One of the really neat things about long exposure photography is that you will get to see things that your eyes just can't record.  In this instance, there was a swirly that developed in the foreground that I had no idea was even there.  That hidden element of the image became the focal point for the entire image and really improved the composition.  I fired off about 12 frames with slightly different lighting, fine tuning the ND filter as opposed to adjusting my exposure.  I was happy with both the aperture and shutter speed and wanted to keep them set where they were.  By adjusting the ND filter I was able to control how much light was entering the lens completely externally.

A Pondering Moment
Here you can really see the difference that the long exposure makes on the image.  The water is silky soft, and you can really see the motion of the water.  That swirly was just a very slow moving section of turbulence in the water which would only show up with a long exposure.  While I normally would have rather had an overcast day for shooting a waterfall, the light actually didn't hurt the image at all. In fact, it helped to highlight certain areas which had caught my eye anyway.

The title was a little hard to come up with, but I think that it fits what is going on here.  As waterfalls do, the water is moving with a purpose over each ledge.  Not much stands in its way, and if there are obstacles it just goes around them.  It would seem that most of us recognize this as our every day existence in our personal and professional lives.  The swirly, however, represents that moment when we stop what we are doing and start contemplating our next move, or maybe reminiscing about something that has happened in the past.  Either way, we all must learn to take a moment and pull off to the side and just swirl for a little while before continuing downstream.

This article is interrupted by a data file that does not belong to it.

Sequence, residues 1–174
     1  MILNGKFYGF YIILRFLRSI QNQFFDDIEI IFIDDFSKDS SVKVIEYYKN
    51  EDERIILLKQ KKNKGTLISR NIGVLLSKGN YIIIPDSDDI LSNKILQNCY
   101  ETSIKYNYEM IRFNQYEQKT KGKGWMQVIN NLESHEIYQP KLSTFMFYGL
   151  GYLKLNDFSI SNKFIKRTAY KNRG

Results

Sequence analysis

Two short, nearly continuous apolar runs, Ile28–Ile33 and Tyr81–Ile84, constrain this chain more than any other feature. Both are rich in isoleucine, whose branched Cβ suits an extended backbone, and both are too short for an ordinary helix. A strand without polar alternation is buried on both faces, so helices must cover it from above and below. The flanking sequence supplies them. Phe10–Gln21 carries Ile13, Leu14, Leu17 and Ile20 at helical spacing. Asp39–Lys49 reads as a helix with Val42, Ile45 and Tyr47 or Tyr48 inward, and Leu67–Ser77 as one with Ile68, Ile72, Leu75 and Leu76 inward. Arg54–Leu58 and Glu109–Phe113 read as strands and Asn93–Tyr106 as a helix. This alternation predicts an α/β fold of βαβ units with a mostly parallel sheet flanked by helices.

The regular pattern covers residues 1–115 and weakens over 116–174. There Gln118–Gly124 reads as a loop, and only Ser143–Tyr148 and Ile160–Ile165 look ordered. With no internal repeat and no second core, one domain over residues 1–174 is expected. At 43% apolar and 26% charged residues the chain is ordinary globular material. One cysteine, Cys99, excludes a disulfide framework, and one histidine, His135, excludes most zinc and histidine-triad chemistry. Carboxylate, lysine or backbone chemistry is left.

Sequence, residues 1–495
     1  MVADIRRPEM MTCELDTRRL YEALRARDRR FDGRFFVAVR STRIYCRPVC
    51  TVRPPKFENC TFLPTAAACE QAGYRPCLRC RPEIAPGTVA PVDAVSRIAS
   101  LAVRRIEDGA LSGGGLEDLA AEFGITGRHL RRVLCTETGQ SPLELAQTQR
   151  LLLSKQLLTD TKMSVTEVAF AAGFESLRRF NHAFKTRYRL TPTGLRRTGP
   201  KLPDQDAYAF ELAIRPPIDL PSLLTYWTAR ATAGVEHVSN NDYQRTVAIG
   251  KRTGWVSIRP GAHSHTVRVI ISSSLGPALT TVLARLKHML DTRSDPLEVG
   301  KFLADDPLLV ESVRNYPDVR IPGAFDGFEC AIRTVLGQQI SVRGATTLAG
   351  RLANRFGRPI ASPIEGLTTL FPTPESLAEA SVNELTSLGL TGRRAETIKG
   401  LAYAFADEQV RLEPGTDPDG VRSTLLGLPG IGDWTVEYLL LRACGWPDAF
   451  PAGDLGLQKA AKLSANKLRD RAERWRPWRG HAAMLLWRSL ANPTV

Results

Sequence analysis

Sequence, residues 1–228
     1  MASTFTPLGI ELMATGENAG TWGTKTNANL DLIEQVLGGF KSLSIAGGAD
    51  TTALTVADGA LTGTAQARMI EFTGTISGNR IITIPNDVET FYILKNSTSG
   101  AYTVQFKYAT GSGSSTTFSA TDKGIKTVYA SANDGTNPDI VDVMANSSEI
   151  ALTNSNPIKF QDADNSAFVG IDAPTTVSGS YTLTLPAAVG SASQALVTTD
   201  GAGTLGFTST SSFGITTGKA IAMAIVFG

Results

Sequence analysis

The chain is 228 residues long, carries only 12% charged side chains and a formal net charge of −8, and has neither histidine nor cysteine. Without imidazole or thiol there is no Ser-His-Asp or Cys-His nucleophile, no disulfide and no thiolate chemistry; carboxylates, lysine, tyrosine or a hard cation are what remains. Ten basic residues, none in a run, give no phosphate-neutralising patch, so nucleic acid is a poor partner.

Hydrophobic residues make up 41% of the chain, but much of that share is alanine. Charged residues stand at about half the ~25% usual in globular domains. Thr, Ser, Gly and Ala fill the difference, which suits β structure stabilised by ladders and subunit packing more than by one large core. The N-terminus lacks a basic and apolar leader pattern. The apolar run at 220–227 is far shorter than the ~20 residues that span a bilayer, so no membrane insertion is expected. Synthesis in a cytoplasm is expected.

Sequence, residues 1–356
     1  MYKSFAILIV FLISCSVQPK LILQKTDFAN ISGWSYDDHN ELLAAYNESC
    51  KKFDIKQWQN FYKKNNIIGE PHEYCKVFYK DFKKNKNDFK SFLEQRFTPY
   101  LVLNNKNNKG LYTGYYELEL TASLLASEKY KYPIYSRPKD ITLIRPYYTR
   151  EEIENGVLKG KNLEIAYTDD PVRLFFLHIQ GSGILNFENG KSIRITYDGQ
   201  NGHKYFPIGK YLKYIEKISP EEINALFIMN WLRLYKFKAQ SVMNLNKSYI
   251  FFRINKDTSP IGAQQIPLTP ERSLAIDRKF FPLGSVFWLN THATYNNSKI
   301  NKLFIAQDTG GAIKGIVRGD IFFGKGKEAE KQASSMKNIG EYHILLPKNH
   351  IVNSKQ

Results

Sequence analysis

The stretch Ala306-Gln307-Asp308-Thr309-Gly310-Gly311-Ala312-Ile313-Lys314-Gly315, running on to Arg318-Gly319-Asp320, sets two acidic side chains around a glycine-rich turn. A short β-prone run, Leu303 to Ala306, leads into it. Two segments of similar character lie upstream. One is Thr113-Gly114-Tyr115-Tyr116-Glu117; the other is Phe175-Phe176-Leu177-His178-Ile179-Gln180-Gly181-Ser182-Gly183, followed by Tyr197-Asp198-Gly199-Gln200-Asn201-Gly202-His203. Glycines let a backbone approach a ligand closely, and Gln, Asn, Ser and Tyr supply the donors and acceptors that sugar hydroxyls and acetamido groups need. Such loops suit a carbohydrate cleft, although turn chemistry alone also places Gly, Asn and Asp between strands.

After about 30 minutes, I could tell that the light wasn't going to change appreciably any time soon and I still had a good long hike ahead of me to get back to the truck.  I went ahead and packed my gear up and started back down the trail, and through several water crossings.  I was making good time, and found that I had a little bit of extra time left before the park closed for the day, so I started to look for other photo ops on the way back.  I found a few things that caught my eye, but I just couldn't make a composition out of them that made sense.

I had all but given up when I arrived back at the Hutchinson Homestead.  I happened across one of my favorite trees and decided to see if there was something that I could do with it.  The sky had a little bit of detail in it and the actual face of Stone Mountain was bathed in a wonderful warm light.  The tree, however, was in the shade.  The more I looked at the scene though, the more I found that I liked the contrasting elements of light and dark between the mountain and the tree.  I swapped my 24-70mm back on the camera and added a polarizer to eek out all the detail in the sky that I could possibly get.  I fired off a handful of exposures in an attempt to get something that would work, but looking at the LCD, I wasn't really happy with the outcome.  Visually, it looked wrong, but the histogram was right, and that gave me hope for a final image when I got home.